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The Five Must-Know Phonetic Skills


When children are young, they often rely solely on phonetics to read and spell. Phonetics is the study of speech sounds. When novice writers spell phonetically, they “sound out” the word they want to write and record one letter for each sound they hear. As a kindergarten teacher, I’d often see “bik” for bike or “bot” for boat. The same concept applies to reading. At the beginning of the year, when my students would try to sound out an unknown word, they would give each letter a sound like “/h-/ō/-/p/-/e/, hopé.” Or they might read the word “tub” like “/t/-/ū/-/b/, tube.” Reading and spelling phonetically is a developmentally important milestone because it helps the students strengthen their phonemic awareness skills and understand that letters represent sounds. Yet, we as educators must be able to move our students past this developmental stage and into phonics so they can master the patterns of the English language. This will enable them to write and read accurately and fluently and free up their cognitive space to focus on comprehension and context.

There is good news! Did you know there are rules that govern whether a vowel will be pronounced short or long? It doesn’t have to be guesswork for your students.

Memorizing and using these five skills is an indispensable tool and reading strategy used in explicit phonics instruction to decode, pronounce, and spell one-syllable words.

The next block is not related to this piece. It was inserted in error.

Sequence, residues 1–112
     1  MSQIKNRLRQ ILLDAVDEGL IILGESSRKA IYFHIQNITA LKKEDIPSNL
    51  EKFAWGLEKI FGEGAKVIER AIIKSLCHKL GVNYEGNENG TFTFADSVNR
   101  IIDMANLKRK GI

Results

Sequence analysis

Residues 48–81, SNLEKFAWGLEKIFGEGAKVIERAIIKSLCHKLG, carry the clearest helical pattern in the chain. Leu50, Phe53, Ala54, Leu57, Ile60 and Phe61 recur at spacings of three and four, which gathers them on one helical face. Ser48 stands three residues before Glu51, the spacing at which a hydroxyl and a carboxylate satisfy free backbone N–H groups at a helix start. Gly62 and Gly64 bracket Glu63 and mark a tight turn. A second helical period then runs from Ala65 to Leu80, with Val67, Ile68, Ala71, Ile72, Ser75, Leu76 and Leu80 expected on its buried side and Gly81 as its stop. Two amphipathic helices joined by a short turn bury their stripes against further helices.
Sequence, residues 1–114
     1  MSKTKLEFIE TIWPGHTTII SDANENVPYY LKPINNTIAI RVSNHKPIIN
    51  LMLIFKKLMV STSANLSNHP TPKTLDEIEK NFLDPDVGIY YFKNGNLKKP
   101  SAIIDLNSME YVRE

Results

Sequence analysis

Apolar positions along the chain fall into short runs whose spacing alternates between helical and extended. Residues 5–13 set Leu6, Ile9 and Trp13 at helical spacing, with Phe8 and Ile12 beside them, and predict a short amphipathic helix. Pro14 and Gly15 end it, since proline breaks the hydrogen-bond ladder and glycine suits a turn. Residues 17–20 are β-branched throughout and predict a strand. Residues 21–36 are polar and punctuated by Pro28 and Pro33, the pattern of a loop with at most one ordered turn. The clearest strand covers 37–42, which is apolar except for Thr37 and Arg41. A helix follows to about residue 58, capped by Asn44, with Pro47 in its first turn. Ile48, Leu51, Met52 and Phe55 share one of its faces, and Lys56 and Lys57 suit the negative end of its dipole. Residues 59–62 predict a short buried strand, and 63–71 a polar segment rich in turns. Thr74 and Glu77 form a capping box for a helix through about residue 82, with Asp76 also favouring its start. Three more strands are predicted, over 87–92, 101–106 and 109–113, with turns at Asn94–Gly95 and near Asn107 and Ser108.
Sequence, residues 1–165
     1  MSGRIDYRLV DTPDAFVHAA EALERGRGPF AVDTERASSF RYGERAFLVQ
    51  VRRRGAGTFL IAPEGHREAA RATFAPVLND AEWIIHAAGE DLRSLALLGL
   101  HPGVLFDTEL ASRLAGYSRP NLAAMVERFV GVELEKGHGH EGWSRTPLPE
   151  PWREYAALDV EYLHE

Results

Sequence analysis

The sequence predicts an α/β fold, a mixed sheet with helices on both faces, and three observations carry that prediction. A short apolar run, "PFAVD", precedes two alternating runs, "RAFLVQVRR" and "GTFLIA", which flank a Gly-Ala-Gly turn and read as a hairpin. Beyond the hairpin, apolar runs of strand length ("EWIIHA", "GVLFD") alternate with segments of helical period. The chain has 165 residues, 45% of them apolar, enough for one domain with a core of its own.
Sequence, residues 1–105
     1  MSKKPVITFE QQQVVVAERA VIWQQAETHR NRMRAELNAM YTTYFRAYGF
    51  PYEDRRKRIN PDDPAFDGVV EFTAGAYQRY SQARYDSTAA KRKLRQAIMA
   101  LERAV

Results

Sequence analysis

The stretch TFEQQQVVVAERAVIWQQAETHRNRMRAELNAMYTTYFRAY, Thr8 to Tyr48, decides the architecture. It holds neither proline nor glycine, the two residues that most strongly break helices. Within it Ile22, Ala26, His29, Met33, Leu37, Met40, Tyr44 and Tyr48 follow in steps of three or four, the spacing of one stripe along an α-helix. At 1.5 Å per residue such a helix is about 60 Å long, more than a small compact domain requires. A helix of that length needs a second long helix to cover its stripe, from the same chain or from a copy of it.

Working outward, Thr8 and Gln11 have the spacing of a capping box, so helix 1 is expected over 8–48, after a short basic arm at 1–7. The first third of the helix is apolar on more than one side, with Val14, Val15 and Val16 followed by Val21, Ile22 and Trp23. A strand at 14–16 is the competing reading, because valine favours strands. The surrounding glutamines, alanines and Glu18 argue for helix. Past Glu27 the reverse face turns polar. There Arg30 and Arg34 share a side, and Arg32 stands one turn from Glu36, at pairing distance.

Here are the Five Phonetic Skills:

  • Phonetic Skill #1: When one consonant and nothing more follows the vowel, the vowel will be short. Examples: suncatmop.
  • Phonetic Skill #2: When the vowel is followed by two consonants and nothing more, the vowel will be short. Examples: jumplastmint.
  • Phonetic Skill #3: When a vowel stands alone, it will be long. Examples: goIshe.
  • Phonetic Skill #4: When a word ends with a silent e, the first vowel will be long. Examples: hopebaketune.
  • Phonetic Skill #5: When vowels are adjacent, the second vowel is silent, and the first vowel is long. Examples: boatseatfeel.

Note: There are exceptions to these rules. These rules apply to the majority of English words, but there are words that do not follow these rules. Because these rules apply to the majority of words, they are a helpful tool for beginning readers, struggling readers, and English Language Learners. These rules are based on the Reading Horizons instructional method.

This blog post has been updated for content and republished.

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